High-Level Panel on Internal Displacement
Consultation on The Peace and Security Dimensions of Internal Displacement
New York, 11 March 2021
The Holy See is pleased to participate in today’s consultation on the peace and security dimensions of internal displacement and would like to thank the Co-Chairs of the High-Level Panel and the speakers for their presentations. The struggles of internally displaced persons (IDPs) are, as Pope Francis recently recalled, “an often-unseen tragedy that the global crisis caused by the COVID-19 pandemic has only exacerbated.” Addressing internal displacement coherently and effectively will require shared responsibility and genuine cooperation by the international community. As its contribution to this consultation, the Holy See would like to make the following three points:
First, the Holy See encourages States, while respecting national sovereignty, to design a clearer system of responsibility for IDPs in order to ensure their protection, to achieve durable solutions and, ultimately, to save lives. In particular, States should consider adopting legislation that recognizes IDPs, while promoting policies that provide them with the protections they deserve, consistent with international human rights and humanitarian law and the UN Guiding Principles on Internal Displacement. Furthermore, IDPs are, by definition, displaced within their own countries and have the same rights as other citizens. Therefore, legislation should encourage their integration back into society, including through the promotion and provision of security, housing, employment and livelihoods, education, and the preservation of family unity. This would greatly contribute to protecting IDPs, and provide the foundation for more durable solutions.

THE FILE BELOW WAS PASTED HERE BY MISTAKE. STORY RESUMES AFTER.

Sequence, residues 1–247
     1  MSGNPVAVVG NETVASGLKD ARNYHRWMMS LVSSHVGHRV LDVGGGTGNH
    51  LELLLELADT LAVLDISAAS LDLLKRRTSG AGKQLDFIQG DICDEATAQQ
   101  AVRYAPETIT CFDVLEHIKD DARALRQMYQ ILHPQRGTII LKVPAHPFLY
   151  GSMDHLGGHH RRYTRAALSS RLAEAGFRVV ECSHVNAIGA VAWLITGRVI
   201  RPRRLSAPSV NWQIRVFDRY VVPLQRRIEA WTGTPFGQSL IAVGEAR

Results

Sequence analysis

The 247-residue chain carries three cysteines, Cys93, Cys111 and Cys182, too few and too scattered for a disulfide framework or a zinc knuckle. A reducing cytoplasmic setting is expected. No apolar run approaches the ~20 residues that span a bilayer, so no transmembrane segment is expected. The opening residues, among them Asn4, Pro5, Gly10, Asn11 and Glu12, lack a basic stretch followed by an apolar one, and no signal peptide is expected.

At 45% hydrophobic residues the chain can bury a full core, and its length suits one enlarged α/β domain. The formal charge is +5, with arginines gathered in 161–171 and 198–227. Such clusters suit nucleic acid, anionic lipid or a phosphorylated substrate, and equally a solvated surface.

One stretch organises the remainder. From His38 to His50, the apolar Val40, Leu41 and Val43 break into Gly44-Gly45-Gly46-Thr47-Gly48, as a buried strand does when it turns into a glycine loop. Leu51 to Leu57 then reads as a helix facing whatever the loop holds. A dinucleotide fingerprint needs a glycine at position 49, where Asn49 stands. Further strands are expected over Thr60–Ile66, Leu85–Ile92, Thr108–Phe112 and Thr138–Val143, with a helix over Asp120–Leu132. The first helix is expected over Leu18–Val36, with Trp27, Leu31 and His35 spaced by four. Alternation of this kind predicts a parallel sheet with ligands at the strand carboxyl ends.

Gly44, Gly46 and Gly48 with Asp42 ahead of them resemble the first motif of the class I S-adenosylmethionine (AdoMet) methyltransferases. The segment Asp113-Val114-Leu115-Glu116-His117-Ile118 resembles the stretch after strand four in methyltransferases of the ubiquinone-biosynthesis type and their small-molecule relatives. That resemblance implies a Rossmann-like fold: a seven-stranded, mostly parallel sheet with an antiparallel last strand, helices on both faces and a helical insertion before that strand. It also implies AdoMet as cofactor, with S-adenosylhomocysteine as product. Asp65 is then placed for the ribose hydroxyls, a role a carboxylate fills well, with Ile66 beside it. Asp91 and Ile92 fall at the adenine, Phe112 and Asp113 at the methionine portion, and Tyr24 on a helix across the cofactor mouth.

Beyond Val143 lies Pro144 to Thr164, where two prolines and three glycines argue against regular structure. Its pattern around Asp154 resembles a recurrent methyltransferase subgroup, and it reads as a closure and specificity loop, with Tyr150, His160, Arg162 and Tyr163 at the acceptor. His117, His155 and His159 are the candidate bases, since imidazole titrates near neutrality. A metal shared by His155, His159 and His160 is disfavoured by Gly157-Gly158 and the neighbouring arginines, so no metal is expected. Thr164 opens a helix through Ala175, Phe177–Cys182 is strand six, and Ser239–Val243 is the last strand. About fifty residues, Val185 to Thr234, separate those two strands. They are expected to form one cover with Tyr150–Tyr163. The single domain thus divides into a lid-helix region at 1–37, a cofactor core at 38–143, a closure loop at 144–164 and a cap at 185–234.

Second, early warning and prevention systems for internal displacement will require increased coordination among existing mechanisms, in line with their mandates. Going forward, the Holy See believes these mechanisms must be guided by the principle that all people have the right to life, liberty and security in their country of origin and should be able to remain in their homes in peace and security without the threat of being forcibly displaced. In conflict situations, however, IDPs should be able to relocate and integrate freely. In addition, greater resolve is needed to ensure that IDP camps, when no other solution is possible, are transitional, located in safe areas, and are secure from conflict. All camps should be safe places, including for women and children, lest they become places of desperation and desolation.
Third and finally, ways to promote engagement and partnerships with religious organizations and faith-based communities should be strengthened and encouraged. Around the globe, these organizations and communities are often on the frontlines, assisting both the forcibly displaced and the local populations that host them, providing them with food and housing, psychological and spiritual assistance. In conflict or post-conflict situations, faith-based organizations, together with other key stakeholders, are often among the few providing IDPs with sound and reliable information and working with national and local authorities to promote reconciliation among ethnic and religious groups.
In conclusion, to respond not only to the challenges posed by internal displacement but also its root causes, the international community must work toward reconciliation and sustainable development within countries, especially in those areas of the world where situations of conflict and humanitarian crises continue to increase.
Thank you, Mr. Chair
 Pope Francis, Message for the 106th World Day of Migrants and Refugees.